Hillary Clinton proposed a 4% tax -- a surcharge -- on any American making more than $5 million a year. Calling it a "fair share surcharge" Clinton's move demonstrates a desire to show Americans that she's not in Wall Street's pocket, as she has sometimes been portrayed. "Right now we're behind and we have to get the wealthy and the corporations to pay their fair share," Clinton told a crowd in Iowa. Clinton's proposal responds to an income tax challenge that even Warren Buffett has publicly said the US needs to solve. Buffett has said the current system, which requires his assistant to pay a higher tax rate than he does, is unsustainable -- and unfair.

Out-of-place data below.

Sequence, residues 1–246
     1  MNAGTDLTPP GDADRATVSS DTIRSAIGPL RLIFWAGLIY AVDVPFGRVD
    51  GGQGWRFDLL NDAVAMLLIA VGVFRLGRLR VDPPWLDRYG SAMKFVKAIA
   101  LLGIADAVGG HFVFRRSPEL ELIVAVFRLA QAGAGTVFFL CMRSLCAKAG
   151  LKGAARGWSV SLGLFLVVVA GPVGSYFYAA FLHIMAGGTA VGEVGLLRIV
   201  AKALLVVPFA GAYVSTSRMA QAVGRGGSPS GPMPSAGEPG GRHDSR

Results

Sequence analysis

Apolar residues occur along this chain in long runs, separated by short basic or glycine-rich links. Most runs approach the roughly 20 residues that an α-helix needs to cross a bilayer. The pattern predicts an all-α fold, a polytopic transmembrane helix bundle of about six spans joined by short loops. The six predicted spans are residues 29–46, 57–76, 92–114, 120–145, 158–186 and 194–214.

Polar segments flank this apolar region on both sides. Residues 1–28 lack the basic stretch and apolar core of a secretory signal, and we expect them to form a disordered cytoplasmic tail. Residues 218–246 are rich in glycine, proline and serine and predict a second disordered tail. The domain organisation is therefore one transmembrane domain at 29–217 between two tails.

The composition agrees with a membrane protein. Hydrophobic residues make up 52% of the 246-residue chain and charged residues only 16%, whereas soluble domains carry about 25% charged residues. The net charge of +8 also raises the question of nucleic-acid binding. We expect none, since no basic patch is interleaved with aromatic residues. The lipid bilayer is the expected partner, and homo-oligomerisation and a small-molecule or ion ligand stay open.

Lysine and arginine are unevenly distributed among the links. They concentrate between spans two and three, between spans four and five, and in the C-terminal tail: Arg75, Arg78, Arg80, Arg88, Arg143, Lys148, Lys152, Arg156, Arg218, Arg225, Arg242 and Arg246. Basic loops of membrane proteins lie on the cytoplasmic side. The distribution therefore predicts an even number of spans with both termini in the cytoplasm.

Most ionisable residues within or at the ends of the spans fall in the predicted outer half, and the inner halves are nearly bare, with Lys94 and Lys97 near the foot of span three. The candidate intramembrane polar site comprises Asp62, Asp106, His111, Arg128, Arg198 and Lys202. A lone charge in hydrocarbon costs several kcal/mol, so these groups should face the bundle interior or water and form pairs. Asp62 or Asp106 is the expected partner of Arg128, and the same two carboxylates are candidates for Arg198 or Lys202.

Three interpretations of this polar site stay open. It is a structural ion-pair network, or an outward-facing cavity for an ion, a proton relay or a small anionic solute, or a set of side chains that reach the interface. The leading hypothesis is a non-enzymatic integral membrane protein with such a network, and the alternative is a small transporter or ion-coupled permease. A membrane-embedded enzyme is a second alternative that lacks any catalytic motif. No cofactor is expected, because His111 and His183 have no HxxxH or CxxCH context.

With the specificity of her 4% proposal, candidate Clinton appears to acknowledge the weight of the challenge she faces from Sen. Bernie Sanders. Sanders has continued to find support and money, despite frequent assertions in the mainstream media that he's not "electable." And Sanders has essentially run a single-issue campaign centered on income inequality. On the stump, Sanders speaks about little else unless compelled to answer a direct question on another issue. It has proved to be a large enough issue on which to float his entire campaign, which remains buoyant. Clinton's 4% tax surcharge proposal both acknowledges Sanders' standing as a legit challenger, and tries to dilute some of his momentum by throwing her hat into the income inequality ring.
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